Hell On Wheels: A New Birth of Freedom

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It is naturally going to be a tough act for AMC to follow when introducing a new show, Hell On Wheels, to its already incredibly successful lineup with shows like Breaking Bad and Mad Men. The juxtaposition of Breaking Bad and Man Men with Hell On Wheels seems to bring the shortcomings of Hell On Wheels into the limelight, especially when compared to the rich aesthetic, cinematic and narrative styles that move the stories forward and develop characters in AMC’s other shows. Therefore, I would argue that Hell On Wheels is not achieving the same level of success and intrigue that would keep viewers coming back for more, unlike those loyal followers of Breaking Bad and Mad Men. Perhaps Hell On Wheels still just needs more time, but I am afraid that I’ve already lost most of my patience for this show…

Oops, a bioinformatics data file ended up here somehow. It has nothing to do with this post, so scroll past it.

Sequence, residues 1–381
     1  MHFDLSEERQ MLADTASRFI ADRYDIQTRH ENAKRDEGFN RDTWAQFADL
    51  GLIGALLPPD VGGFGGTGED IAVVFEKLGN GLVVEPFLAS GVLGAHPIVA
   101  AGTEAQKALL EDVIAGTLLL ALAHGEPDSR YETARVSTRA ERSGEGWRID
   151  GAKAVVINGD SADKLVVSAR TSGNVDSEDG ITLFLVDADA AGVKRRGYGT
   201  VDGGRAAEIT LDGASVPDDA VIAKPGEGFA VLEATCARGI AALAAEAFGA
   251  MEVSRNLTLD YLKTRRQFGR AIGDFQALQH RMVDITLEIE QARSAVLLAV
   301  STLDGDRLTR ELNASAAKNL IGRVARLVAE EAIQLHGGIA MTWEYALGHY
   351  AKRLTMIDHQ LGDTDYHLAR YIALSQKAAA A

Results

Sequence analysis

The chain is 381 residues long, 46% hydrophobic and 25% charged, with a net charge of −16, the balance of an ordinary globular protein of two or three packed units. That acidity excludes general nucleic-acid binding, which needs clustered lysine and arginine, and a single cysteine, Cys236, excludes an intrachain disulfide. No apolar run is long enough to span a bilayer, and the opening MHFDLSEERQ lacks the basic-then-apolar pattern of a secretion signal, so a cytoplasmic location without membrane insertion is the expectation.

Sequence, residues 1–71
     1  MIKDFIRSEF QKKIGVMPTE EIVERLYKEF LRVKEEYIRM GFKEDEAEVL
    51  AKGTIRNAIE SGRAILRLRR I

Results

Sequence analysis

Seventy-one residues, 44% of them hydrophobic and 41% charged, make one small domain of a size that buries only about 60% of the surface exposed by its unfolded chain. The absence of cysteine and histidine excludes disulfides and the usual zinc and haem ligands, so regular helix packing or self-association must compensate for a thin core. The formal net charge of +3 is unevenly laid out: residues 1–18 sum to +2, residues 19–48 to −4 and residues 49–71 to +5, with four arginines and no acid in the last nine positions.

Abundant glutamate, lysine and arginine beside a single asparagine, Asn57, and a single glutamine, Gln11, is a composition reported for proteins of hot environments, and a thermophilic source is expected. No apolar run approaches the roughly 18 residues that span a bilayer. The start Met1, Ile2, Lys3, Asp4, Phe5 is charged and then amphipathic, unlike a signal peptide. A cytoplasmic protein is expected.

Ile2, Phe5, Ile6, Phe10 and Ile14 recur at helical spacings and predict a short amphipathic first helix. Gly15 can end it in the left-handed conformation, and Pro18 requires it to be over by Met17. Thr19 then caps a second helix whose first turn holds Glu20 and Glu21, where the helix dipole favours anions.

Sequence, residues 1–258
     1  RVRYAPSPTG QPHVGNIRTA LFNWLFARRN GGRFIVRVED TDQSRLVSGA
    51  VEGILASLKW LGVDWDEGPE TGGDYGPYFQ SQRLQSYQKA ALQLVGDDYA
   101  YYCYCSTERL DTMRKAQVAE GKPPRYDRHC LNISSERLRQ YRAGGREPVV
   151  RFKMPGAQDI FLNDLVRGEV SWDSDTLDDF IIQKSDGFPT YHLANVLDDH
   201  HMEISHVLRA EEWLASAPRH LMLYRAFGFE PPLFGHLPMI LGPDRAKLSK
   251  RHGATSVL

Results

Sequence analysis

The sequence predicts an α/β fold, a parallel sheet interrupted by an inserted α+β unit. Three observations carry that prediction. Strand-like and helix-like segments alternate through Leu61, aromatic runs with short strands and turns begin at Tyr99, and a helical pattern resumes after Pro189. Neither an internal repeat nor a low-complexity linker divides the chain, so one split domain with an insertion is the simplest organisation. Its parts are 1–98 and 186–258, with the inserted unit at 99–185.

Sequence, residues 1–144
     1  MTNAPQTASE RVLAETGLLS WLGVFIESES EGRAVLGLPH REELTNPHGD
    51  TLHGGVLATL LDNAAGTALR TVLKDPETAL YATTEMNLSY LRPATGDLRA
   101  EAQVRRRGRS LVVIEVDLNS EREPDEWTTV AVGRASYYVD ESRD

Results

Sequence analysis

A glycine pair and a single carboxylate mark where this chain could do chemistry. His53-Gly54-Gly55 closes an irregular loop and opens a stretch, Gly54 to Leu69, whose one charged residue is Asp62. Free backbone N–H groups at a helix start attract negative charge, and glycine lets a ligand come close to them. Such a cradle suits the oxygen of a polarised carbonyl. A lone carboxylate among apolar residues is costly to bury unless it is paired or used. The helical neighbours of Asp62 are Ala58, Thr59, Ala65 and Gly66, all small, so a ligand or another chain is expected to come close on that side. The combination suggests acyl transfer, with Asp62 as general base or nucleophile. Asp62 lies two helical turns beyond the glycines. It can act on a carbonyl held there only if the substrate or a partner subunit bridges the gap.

After our class discussions last week I approached episode three with the intent of focusing in on all things visual. Yet, even as I watched for visual hints of plot, narrative, and character development, I still felt that Hell On Wheels fell short. Although parts of this episode were especially beautiful, moving, and really transported the viewer into a sense of what the conditions of daily life in the 1860s would be, most of the dialogue got in the way. The dialogue seemed to do lots of telling and leave no opportunity for showing, which in my opinion took all potential power and intellectual stimulation away from the audience. The repetition of images, such as mud, dirt, and filth, I found to be a positive visual aspect that kept setting the scene and time period, however instances of repetitive dialogue, most notably with characters Elam, Cullen, and Durant, took away the audience’s credibility and replaced it with an overtly spoon-fed version. The opening scene with Cullen searching through Johnson’s things and coming across the photo of all the men involved in his wife’s murder was aesthetically pleasing at times, but overall seemed too overdone, too slow, and repetitive as if to make sure in cause the audience missed the first five opportunities to understand the plot we were given another five more chances to catch it…and all before the opening credits. The “western genre” involves drama, mystery, morality, and intensity, but Hell On Wheels is not providing many of the expectations I have (and want) of the genre; instead, it is fulfilling many gruesome stereotypes, especially when it comes to Native Americans, and does not allow for much prediction because it is all laid out for us.

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